The reader will have noticed that among the names of slaves, Esther is mentioned. This was a young woman who possessed that which was ever a curse to the slave girl--namely, personal beauty. She was tall, light-colored, well formed, and made a fine appearance. Esther was courted by "Ned Roberts," the son of a favorite slave of Col. Lloyd, who was as fine-looking a young man as Esther was a woman. Some slave-holders would have been glad to have promoted the marriage of two such persons, but for some reason, Captain Anthony disapproved of their courtship. He strictly ordered her to quit the company of young Roberts, telling her that he would punish her severely if he ever found her again in his company. But it was impossible to keep this couple apart. Meet they would, and meet they did. Had Mr. Anthony been himself a man of honor, his motives in this matter might have appeared more favorably. As it was, they appeared as abhorrent as they were contemptible. It was one of the damning characteristics of slavery, that it robbed its victims of every earthly incentive to a holy life. The fear of God and the hope of heaven were sufficient to sustain many slave women amidst the snares and dangers of their strange lot; but they were ever at the mercy of the power, passion, and caprice of their owners. Slavery provided no means for the honorable perpetuation of the race. Yet despite of this destitution there were many men and women among the slaves who were true and faithful to each other through life.
But to the case in hand. Abhorred and circumvented as he was, Captain Anthony, having the power, was determined on revenge. I happened to see its shocking execution, and shall never forget the scene. It was early in the morning, when all was still, and before any of the family in the house or kitchen had risen. I was, in fact, awakened by the heartrending shrieks and piteous cries of poor Esther. My sleeping-place was on the dirt floor of a little rough closet which opened into the kitchen, and through the cracks in its unplaned boards I could distinctly see and hear what was going on, without being seen. Esther's wrists were firmly tied, and the twisted rope was fastened to a strong iron staple in a heavy wooden beam above, near the fire-place. Here she stood on a bench, her arms tightly drawn above her head. Her back and shoulders were perfectly bare. Behind her stood old master, with cowhide in hand, pursuing his barbarous work with all manner of harsh, coarse, and tantalizing epithets. He was cruelly deliberate, and protracted the torture as one who was delighted with the agony of his victim. Again and again he drew the hateful scourge through his hand, adjusting it with a view of dealing the most pain-giving blow his strength and skill could inflict. Poor Esther had never before been severely whipped. Her shoulders were plump and tender. Each blow, vigorously laid on, brought screams from her as well as blood. "Have mercy! Oh, mercy!" she cried. "I wont do so no more." But her piercing cries seemed only to increase his fury. The whole scene, with all its attendants, was revolting and shocking to the last degree, and when the motives for the brutal castigation are known, language has no power to convey a just sense of its dreadful criminality. After laying on I dare not say how many stripes, old master untied his suffering victim. When let down she could scarcely stand. From my heart I pitied her, and child as I was, and new to such scenes, the shock was tremendous. I was terrified, hushed, stunned, and bewildered. The scene here described was often repeated, for Edward and Esther continued to meet, notwithstanding all efforts to prevent their meeting.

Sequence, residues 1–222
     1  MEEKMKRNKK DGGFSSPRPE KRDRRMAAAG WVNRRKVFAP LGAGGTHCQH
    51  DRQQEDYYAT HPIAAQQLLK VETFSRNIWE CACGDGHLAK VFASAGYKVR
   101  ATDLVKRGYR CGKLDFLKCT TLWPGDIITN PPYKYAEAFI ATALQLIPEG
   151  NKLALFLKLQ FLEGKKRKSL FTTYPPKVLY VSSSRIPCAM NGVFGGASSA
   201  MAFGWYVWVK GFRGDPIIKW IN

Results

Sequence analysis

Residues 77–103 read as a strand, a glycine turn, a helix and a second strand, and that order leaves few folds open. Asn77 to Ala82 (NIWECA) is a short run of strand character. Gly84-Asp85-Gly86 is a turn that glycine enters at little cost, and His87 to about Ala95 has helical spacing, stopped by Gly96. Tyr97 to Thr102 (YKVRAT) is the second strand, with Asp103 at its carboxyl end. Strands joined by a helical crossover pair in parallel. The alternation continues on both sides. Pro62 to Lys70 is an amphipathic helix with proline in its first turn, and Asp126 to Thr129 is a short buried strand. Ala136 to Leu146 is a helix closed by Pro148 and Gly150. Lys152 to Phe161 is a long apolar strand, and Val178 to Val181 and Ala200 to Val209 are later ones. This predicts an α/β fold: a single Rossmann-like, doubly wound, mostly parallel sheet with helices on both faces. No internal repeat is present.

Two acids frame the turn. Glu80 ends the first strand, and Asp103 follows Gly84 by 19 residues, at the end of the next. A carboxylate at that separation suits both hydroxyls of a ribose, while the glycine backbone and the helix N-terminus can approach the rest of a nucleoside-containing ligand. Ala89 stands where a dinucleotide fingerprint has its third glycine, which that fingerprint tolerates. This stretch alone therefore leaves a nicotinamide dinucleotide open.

Such was the Peculiar Institution that the honorable Christian gentlemen of the Southern Confederacy seceded from the Union to defend and make into an eternal institution.
(See the Index to Confederate "Heritage" Month posts 2005 for links to allthis year's posts.)